Around Del Norte: GETTING READY FOR MARKET

By Laura Wiens, The Triplicate July 17, 2013 07:42 pm

Junior Livestock Auction; public fuchsia event; vital stats from Pie Social

Del Norte Triplicate / Bryant Anderson Danika Scott is hard at work fattening up Jackson for the Junior Livestock Auction at next month’s Del Norte County Fair.
Del Norte Triplicate / Bryant Anderson Danika Scott is hard at work fattening up Jackson for the Junior Livestock Auction at next month’s Del Norte County Fair.
Another year, another pig raised by Danika Scott in preparation for the Junior Livestock Auction at the Del Norte County Fair.

The 11-year-old Redwood Elementary student is a member of the Elk Valley Swine Club “Pig Irons,” part of 4-H. Come Sunday, Aug. 4, at 1 p.m., she hopes to watch “Jackson” get auctioned off, the same fate that awaited “Angelica” last year.

Jackson already weighed 50 pounds when Danika acquired him when he was a month old. Now he’s 91 pounds at 5 months — and needs to get up to 200 pounds by auction time. “They gain weight fast,” said Danika. Jackson eats about three coffee cans of food per day, and also enjoys snacking on saltines.

 

No “slop” for Jackson, who’s been consuming Rogue brand feed since he was 2 months old.

Danika’s job basically entails keeping Jackson’s bed dry, feeding him and walking him at the family home in Fort Dick.

Danika admits she was a bit sad last year when Angelica was auctioned off at $5.25 per pound for a total price of $1,200.85. But she has a scrapbook from that experience, and some money.

“The money that I make from my project animal will mostly be saved for my education, but I will also be buying some new school clothes,” said Danika, who wants to go to college and become a lawyer.

Danika’s pig, as well as many other young Del Norters’ livestock, can be seen on the first day of the fair, Thursday, Aug. 1.

 All about fuchsias

Another upcoming event at the fairgrounds is the Crescent City Fuchsia Society’s monthly meeting and potluck Wednesday from 6 to 8 p.m. in the dining hall, and all are invited.

Del Norte Triplicate file / Bryant Anderson A fuchsia display from a past Del Norte County Fair. The public gets a chance to learn all about the flower during an event Wednesday night at the fairgrounds.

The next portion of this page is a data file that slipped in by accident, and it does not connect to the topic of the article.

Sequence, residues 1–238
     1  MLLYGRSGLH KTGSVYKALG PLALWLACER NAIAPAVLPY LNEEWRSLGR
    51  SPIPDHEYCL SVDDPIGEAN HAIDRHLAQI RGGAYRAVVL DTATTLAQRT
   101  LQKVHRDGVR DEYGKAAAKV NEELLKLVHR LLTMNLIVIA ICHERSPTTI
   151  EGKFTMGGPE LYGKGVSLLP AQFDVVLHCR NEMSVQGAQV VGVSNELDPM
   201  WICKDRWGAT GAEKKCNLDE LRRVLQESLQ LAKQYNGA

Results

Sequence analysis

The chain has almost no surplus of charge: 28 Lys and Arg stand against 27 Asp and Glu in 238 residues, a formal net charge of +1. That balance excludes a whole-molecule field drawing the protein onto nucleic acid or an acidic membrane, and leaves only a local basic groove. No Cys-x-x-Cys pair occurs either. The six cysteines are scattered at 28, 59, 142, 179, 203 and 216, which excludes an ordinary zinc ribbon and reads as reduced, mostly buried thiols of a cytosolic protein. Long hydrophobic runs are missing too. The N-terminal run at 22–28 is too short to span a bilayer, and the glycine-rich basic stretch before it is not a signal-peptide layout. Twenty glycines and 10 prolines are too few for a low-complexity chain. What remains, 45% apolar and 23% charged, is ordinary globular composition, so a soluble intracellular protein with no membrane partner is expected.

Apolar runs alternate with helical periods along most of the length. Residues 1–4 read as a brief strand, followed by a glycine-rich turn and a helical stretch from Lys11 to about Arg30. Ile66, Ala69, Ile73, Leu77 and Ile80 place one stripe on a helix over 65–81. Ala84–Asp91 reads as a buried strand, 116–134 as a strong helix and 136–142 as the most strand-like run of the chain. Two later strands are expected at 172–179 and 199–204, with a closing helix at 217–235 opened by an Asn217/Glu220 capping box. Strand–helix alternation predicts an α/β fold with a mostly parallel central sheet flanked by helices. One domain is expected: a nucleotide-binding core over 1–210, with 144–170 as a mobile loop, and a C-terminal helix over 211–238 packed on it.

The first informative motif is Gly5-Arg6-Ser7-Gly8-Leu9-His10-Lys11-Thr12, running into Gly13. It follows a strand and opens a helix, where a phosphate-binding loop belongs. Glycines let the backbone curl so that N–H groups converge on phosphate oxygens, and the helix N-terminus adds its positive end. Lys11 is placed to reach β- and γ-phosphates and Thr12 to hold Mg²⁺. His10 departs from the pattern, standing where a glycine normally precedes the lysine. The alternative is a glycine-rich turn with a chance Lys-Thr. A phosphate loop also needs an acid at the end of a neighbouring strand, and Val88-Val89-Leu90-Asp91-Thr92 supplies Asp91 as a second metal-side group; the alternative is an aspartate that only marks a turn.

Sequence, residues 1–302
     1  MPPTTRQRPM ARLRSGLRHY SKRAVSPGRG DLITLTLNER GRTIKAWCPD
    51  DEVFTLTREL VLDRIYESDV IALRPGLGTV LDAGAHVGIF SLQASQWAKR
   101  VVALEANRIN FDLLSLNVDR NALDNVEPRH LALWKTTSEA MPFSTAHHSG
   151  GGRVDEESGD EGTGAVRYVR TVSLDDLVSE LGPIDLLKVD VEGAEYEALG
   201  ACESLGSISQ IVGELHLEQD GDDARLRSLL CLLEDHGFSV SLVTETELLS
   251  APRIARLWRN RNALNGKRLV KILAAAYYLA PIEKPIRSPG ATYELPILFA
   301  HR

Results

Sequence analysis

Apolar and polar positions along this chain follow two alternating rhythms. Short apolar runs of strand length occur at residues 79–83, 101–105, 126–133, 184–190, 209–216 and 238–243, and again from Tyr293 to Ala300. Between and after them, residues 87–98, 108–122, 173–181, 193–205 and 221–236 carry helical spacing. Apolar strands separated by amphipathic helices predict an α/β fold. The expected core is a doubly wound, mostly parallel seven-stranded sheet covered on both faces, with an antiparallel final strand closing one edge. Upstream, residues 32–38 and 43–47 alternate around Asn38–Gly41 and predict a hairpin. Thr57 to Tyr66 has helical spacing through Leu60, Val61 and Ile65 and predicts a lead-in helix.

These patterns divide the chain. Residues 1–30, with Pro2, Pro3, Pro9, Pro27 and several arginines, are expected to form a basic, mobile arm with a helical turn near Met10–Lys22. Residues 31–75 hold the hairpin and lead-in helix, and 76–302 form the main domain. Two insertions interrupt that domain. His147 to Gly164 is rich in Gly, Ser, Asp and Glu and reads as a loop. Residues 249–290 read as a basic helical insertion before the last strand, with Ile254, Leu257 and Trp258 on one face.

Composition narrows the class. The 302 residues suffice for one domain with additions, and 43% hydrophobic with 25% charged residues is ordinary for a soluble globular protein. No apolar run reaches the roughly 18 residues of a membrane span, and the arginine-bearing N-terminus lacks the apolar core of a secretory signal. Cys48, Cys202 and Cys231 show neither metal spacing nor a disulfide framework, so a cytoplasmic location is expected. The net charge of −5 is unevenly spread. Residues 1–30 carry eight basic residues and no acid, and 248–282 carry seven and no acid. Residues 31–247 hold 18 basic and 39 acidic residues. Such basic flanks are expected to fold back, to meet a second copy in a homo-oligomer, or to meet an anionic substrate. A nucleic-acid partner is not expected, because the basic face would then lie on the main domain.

Del Norte Triplicate file / Bryant Anderson A fuchsia display from a past Del Norte County Fair. The public gets a chance to learn all about the flower during an event Wednesday night at the fairgrounds.
It’s a chance to learn how to grow fuchsias -— propagating them, fertilizing them, training them, controlling disease, shaping them in all kinds of creative ways, and even “hybridizing” them. 

“Fuchsia doctors” will be on hand if you’ve got an ailing plant. A “country store” will sell gardening supplies, and visitors can browse a “library” of books about fuchsias, said Andrea Dahlberg, secretary of the society and wife of its president, Adam. There’ll also be door prizes and raffle tickets are five for $1 -— a great opportunity to take home your own starter fuchsias.

Visitors will “see what we do as a club,” said Andrea, and can actually join up. Activities include an annual garden tour (set for Aug. 17 this year) and sale every spring and during the fair.

Andrea and Adam moved here from Sacramento in 1999 and fell in love with the fuchsias they saw at the fair. Andrea had already been noticing fuchsias around town. Before that, “I guess I never saw them — it’s so hot in Sacramento,” Andrea said.

The flowers come in all sizes. “There’s mini-ones, maybe a quarter-inch, and big fluffy double ones,” Andrea said.

There are currently about 50 members of the Crescent City Fuchsia Society, and there’s always room for more. The group meets every third Wednesday of the month at the fairgrounds in the dining hall. Call Andrea at 464-9114 for details.

Slices of life

The results are in from the Del Norte County Historical Society’s 32nd annual Fourth of July Homemade Pie and Ice Cream Social, which is one of the traditional events in conjunction with the big parade.

Ninety-six pies were donated to the society’s biggest annual fundraiser, and 452 people were served slices ala mode with coffee, said society manager Karen Betlejewski, who coordinated the event. 

“We had some repeat customers,” said Karen. “Two young men in their 20s came back for five different flavors.”

Approximately $1,600 was raised and it all helps to keep the museum a place where people can learn about local history.

“It was a very successful pie social. We made more this year than last. It’s getting progressively better. Our volunteers are really what make it happen. We’re so fortunate to have a Board that is willing to work on the Fourth. Even though it’s a lot of work, it’s one of the funnest days.”

Another tradition is the society’s firing of its cannon to signal the parade’s beginning. This year the honors went to Brandon Calkins, 27, a native of Crescent City, who is a veteran of two tours in Afghanistan.